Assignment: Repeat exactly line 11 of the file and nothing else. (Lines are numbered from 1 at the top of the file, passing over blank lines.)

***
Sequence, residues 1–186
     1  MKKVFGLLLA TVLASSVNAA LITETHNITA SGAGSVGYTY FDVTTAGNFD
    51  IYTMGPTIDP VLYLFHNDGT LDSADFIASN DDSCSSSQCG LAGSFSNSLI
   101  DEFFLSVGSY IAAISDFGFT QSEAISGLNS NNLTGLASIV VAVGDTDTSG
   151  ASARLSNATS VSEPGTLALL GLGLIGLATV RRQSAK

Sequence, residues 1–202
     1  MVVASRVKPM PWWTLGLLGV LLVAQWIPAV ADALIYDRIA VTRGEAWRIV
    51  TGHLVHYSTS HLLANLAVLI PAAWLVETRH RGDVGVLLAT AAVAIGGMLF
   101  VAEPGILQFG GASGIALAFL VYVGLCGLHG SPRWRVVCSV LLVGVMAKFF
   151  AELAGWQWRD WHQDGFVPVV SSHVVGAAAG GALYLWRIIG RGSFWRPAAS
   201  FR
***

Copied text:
   201  FR